They are used loosely as a kind of verbal decoration. At the start of a statement, they both mean "what I am about to say is literally true."
At the start of a statement, "Seriously" means "I am not joking at all."
"Seriously, I think we should not have candy in the house at all, because if there is candy in the house we are both going to eat it."
"Honestly" or "frankly" means "I am not going to soften it the truth, even though speaking plainly might offend you or hurt your feelings."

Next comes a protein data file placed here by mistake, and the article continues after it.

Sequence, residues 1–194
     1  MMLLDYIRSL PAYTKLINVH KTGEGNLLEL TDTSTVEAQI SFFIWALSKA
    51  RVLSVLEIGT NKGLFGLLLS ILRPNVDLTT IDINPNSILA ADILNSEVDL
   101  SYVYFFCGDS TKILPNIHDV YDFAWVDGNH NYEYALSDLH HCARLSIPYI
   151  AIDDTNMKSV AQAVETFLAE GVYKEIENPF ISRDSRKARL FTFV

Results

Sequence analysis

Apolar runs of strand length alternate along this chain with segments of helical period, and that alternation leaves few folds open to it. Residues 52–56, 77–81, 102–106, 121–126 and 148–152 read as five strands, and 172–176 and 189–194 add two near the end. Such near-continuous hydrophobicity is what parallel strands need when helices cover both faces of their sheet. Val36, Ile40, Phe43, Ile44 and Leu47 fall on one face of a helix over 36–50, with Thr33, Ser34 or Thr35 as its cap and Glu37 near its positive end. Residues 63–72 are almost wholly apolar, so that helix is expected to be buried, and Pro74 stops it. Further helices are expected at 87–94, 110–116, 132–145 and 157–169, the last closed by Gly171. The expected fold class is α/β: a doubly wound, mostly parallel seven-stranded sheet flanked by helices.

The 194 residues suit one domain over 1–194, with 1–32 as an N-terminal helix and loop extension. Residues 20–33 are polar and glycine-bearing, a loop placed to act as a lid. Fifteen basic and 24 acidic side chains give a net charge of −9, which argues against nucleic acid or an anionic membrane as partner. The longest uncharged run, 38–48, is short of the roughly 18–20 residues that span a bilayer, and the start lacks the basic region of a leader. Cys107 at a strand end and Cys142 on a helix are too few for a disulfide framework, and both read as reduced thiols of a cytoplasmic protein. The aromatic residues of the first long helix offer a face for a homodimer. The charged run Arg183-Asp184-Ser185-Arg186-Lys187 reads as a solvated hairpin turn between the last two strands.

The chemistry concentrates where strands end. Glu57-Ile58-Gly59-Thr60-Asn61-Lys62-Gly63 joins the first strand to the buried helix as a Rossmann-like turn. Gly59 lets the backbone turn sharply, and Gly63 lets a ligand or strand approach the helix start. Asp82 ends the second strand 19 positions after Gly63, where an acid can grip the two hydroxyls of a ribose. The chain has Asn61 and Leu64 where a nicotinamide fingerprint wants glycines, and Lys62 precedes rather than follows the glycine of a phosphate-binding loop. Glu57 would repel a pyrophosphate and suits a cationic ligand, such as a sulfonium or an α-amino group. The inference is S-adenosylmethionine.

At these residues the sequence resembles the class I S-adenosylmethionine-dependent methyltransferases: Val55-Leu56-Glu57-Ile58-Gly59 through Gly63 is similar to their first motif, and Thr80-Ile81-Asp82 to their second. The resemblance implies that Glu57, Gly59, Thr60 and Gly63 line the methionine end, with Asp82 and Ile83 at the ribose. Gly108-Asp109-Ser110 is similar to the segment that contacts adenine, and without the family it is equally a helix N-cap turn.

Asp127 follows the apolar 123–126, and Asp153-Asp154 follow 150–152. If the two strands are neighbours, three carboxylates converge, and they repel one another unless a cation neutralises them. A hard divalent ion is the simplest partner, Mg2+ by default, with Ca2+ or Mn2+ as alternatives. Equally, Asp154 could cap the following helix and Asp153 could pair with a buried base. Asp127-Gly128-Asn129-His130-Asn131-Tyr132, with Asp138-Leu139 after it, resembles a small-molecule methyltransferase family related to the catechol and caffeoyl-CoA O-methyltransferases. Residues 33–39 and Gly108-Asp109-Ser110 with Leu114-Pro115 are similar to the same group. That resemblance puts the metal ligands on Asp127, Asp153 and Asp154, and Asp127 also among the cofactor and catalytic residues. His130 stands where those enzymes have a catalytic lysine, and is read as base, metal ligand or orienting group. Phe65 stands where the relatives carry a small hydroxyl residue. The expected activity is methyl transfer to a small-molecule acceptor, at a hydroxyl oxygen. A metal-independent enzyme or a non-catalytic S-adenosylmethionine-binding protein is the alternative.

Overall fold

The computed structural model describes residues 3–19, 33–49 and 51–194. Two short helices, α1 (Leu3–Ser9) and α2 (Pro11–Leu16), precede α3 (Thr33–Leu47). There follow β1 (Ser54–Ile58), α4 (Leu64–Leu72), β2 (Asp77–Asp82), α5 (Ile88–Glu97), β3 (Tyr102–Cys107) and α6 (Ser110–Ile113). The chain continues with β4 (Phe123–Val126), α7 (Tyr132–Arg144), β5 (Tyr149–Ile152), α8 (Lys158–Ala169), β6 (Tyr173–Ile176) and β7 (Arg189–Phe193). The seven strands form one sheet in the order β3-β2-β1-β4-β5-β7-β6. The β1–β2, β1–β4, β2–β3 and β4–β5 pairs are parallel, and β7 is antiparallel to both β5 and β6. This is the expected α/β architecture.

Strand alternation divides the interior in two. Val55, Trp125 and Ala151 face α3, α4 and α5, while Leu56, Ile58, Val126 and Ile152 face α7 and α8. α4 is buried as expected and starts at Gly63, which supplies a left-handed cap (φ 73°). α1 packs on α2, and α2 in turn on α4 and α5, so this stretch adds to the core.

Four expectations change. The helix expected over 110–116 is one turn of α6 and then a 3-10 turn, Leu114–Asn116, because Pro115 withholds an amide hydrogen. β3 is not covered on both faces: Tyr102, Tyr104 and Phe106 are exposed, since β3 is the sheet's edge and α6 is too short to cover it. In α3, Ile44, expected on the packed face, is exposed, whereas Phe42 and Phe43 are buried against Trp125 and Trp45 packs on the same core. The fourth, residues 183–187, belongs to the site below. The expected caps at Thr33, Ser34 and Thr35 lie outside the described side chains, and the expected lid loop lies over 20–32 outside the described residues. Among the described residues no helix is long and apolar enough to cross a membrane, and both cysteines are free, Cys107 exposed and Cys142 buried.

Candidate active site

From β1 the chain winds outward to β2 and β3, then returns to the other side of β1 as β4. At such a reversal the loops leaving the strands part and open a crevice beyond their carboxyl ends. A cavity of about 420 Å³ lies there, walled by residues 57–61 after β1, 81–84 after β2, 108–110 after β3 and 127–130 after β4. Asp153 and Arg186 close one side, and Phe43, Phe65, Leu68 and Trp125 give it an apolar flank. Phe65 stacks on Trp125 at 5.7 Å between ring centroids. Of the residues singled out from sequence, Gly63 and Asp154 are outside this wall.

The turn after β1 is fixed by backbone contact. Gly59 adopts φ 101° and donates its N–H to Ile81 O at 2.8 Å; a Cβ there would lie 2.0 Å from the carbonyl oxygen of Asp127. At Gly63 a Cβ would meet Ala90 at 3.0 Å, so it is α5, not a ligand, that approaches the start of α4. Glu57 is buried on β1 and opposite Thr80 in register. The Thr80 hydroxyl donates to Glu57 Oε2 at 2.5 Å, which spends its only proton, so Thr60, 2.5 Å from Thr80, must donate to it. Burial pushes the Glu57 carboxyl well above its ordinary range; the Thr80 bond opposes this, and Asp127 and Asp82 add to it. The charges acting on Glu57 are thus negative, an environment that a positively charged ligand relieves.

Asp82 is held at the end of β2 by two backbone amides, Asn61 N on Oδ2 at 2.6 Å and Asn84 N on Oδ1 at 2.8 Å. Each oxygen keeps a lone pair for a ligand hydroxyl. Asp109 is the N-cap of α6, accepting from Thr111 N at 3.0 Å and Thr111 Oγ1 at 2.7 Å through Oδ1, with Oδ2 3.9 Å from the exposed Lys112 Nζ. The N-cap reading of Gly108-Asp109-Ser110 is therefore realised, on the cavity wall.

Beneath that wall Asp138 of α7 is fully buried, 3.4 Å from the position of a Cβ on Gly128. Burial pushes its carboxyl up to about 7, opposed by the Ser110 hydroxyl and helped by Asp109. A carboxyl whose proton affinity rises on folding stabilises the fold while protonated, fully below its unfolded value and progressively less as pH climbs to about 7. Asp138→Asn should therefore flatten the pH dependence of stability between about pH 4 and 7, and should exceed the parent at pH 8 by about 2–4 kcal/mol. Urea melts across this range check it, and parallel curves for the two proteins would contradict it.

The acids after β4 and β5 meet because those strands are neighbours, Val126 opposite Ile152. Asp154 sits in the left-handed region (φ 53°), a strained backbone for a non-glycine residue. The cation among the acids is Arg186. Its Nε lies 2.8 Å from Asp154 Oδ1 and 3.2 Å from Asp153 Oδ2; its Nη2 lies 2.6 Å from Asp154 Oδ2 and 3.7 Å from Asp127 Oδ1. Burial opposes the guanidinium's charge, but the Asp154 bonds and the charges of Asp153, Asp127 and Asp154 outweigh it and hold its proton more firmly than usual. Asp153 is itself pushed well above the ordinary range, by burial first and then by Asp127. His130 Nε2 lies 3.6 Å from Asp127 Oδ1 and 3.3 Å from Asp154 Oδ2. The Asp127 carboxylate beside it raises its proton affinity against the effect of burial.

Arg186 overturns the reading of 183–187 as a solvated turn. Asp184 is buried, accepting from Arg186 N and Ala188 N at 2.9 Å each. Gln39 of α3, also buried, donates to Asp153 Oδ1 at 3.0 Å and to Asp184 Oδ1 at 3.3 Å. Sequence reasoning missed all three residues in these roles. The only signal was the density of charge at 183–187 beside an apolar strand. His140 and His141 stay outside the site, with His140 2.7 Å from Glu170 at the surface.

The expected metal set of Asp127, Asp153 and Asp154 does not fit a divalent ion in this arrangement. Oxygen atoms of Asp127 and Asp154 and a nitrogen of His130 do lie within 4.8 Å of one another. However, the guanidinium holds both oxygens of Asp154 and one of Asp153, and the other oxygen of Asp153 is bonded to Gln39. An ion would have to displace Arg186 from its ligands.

"Honestly, you need to lose some weight."
As a retort, "Seriously?" means "that's so ridiculous it sounds like a joke." (Usually it is not a joke, and the speaker knows it).
"The politician said that cutting taxes would boost the economy so much that it would actually bring in more tax revenue." "Seriously? Didn't they learn anything the last time they tried that?"
"Honestly!" means the same thing as in a direct statement: "I am about to say something unpleasant, and I am excusing myself for being unpleasant by saying that I am being honest."
"He left his dirty clothing lying on his bedroom floor again."
"Honestly! He's gotten to be a pig. What are we going to do?"